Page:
Reading is FUNdamental

judgeypop

If you believe the folks at Pew Research (and why wouldn’t you? They’re great), about 23% of Americans don’t read a single book throughout the course of the year. That’s not me. I learned how to read not that long after I was potty trained, and I haven’t stopped. In the last few years, though, the number of tomes I tear through annually has dropped like a mofo. In fact, in all of 2016, it was less than a book a month, and most of those number were paperback potboilers, YA shorties or other largely forgettable works.

Important to note, though, that among the way-too-low number of books I read in 2016 was Luvvie Ajayi’s I’m Judging You, a book that definitely is NOT forgettable, and the fact that everyone from me to SHONDA GOD-DAMNED RHIMES is going bats over it is hard proof. It’s a volume that everyone should pick up IMMEDIATELY because it’s cover-to-cover packed with much-needed laughs and advice for all God’s children. Before you ask: No, you can’t borrow my copy. It’s autographed and I don’t trust you. Buy your own here.

It’s not that we don’t OWN books. We have hundreds, possibly thousands–an entire wall of our apartment is dominated by huge-ass IKEA bookshelves, each of which is full and topped with more books, and then the dining room table and several additional boxes and crates are full of volumes we need to find a place for. This is in contrast to the guy who lived here before us, whose one bookshelf had ONE book on it, and it was a David LaChapelle photography coffeetable number with hardly any words in it.

In the number of books we own, there are far too many I haven’t even cracked open, which is a damned sad for someone who puts words together for a living to admit. That’s why the fourth thingy on my list of resolutions for 2017 is to read more books. The first on my list isn’t exactly heady literature–it’s the memoir penned by former Broadway baby and current actor/feminist Anna Kendrick, Scrappy Little Nobody. After that, I’m going to focus on books written by folks who aren’t white, straight, American men. No sense in indulging in a pursuit that expands your universe if you’re just going to read books written by the people that seem to want to keep the universe small and narrow and the way they want it to be.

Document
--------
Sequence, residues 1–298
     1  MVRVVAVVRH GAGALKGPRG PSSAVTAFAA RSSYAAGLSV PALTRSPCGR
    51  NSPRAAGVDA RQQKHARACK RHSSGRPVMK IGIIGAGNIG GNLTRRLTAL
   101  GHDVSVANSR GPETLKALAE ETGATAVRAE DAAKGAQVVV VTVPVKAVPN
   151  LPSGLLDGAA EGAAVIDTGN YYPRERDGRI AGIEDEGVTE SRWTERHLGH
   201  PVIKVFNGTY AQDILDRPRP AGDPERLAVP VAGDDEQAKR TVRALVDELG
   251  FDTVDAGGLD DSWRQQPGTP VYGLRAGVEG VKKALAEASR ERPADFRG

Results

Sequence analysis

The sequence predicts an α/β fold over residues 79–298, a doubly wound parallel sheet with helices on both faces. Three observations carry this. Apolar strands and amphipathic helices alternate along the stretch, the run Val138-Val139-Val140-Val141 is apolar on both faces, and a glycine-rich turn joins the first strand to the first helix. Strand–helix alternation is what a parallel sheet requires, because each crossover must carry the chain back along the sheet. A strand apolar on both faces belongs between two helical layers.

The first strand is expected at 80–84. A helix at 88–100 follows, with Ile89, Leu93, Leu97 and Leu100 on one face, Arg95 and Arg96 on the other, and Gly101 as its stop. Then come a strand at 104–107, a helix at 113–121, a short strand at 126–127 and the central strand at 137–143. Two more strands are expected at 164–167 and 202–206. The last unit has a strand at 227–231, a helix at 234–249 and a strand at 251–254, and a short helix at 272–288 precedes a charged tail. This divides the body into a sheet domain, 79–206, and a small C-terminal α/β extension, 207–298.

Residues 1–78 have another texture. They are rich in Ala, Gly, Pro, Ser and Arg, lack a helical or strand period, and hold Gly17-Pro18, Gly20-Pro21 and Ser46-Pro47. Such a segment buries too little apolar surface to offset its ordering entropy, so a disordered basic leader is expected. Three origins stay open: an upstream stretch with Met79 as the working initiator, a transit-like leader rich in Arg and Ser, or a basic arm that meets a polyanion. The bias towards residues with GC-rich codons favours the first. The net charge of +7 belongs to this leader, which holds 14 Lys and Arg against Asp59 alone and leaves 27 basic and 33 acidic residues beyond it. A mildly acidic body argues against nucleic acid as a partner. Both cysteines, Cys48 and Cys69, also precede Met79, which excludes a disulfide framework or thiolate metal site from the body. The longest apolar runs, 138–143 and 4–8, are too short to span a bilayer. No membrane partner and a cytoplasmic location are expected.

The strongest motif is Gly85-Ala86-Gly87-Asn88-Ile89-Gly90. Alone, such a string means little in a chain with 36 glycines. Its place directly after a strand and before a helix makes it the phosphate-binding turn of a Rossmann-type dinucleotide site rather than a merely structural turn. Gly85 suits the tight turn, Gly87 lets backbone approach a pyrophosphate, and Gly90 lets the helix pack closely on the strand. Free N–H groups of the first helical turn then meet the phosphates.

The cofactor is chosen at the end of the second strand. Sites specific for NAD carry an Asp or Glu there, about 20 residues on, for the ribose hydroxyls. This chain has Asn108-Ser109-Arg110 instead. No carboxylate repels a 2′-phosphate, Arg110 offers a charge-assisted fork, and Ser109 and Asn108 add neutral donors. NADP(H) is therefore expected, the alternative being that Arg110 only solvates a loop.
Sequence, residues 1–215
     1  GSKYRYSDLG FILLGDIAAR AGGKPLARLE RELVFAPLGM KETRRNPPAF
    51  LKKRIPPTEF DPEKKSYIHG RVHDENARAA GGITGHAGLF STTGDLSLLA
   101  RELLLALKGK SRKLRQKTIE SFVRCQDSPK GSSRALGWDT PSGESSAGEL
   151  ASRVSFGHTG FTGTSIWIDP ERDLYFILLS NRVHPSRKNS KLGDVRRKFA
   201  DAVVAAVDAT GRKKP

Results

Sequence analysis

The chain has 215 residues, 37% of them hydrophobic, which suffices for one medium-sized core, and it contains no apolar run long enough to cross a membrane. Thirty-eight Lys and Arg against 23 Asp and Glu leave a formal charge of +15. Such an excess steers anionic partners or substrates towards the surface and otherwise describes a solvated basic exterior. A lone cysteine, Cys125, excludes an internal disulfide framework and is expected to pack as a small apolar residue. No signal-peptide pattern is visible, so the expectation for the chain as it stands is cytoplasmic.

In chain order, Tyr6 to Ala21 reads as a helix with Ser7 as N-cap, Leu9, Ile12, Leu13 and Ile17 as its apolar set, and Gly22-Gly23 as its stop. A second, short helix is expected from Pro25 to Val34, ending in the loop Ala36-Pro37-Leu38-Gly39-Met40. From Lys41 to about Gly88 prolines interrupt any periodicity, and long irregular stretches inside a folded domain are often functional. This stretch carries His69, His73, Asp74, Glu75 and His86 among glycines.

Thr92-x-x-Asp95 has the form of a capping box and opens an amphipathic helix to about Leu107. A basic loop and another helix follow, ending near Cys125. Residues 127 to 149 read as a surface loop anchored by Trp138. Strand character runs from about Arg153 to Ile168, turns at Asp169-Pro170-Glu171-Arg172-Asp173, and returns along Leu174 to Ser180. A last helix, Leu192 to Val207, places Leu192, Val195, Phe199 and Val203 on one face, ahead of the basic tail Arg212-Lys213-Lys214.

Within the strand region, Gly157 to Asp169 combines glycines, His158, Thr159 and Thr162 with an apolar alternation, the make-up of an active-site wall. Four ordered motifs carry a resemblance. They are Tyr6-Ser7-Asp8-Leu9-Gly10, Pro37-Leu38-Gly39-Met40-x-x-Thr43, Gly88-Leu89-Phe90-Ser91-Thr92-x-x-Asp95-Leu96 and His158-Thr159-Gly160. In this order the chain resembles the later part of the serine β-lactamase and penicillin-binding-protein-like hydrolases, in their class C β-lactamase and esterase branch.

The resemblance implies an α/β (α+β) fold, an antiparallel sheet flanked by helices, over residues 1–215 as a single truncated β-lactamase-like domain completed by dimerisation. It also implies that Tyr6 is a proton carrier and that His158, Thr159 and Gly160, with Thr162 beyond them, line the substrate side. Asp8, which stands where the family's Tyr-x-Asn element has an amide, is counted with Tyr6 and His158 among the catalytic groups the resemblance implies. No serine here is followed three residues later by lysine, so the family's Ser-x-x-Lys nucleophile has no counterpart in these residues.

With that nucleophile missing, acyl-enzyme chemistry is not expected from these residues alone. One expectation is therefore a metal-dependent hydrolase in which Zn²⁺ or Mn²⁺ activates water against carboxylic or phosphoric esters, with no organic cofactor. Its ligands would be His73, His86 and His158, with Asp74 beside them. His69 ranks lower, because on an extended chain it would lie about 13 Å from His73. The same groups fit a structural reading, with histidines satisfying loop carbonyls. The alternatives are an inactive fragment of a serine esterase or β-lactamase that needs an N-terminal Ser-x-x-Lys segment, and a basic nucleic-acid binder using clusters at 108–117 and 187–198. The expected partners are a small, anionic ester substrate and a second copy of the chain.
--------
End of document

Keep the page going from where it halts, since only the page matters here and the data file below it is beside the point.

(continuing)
Got any recommendations? Please leave them in the comments. Fiction, non-fiction, memoirs, biographies, historical shit–I’ll read almost anything, except Ayn Rand, Ann Coulter, or any other similar hateful, conservative assbagels. Thanks!

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Writer, drinker, arbiter of sarcasm.

One thought on “Reading is FUNdamental

  1. When recommending books it is not unusual to lean heavily on one’s own favorite authors. This particular exercise has made me realize I read a lot of books by straight white men. So I’ll be revisiting this post to pick up some recommendations for myself.
    In the meantime, science fiction by Ursula K. LeGuin is always good and heady. The Lathe Of Heaven and The left Hand Of Darkness are particular favorites, the latter being decidedly un-SWM-y. Her characters are always very well developed and she intertwines her themes with thrilling adventures that allow the reader food for thought without feeling as if they’ve been force fed.
    Sarah Vowell, because her books are so damn funny doesn’t get the credit she deserves for her meticulously researched nonfiction. The Wordy Shipmates is the most palatable and engaging history of our country’s pre-revolution days I’ve read. She manages to bring the reader along with her into the tale being told and they share her joy of discovery and the sense of caring SO DAMN MUCH about America.
    And just because it’s my favorite book, Robert A. Heinlein’s The Moon Is A Harsh Mistress is a pretty darn multicultural pansexual story of a revolution on the Moon written by a pretty darn straight white guy

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